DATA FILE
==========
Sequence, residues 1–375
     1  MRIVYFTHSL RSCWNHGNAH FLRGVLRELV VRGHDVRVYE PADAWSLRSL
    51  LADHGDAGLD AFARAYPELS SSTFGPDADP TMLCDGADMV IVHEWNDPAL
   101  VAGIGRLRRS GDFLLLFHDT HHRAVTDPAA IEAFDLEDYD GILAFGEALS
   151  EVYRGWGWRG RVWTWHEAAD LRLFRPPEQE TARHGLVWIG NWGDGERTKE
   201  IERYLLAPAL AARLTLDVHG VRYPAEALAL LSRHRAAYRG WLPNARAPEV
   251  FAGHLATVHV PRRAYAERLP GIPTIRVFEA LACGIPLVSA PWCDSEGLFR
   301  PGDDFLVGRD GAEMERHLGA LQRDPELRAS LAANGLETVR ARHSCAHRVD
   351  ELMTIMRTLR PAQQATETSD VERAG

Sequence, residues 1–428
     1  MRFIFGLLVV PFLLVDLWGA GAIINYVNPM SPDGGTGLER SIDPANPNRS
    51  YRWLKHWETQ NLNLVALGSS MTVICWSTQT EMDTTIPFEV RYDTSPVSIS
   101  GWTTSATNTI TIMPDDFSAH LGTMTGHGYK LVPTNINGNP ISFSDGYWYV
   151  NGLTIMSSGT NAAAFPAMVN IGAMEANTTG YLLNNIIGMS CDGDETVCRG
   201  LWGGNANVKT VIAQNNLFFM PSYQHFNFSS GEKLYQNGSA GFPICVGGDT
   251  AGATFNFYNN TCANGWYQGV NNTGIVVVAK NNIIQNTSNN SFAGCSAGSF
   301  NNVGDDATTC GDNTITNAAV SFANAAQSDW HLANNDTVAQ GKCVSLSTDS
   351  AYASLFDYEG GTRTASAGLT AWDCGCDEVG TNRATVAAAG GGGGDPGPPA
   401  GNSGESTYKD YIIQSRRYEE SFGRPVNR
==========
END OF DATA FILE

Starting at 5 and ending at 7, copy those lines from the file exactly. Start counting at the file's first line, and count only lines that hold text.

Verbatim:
   151  EVYRGWGWRG RVWTWHEAAD LRLFRPPEQE TARHGLVWIG NWGDGERTKE
   201  IERYLLAPAL AARLTLDVHG VRYPAEALAL LSRHRAAYRG WLPNARAPEV
   251  FAGHLATVHV PRRAYAERLP GIPTIRVFEA LACGIPLVSA PWCDSEGLFR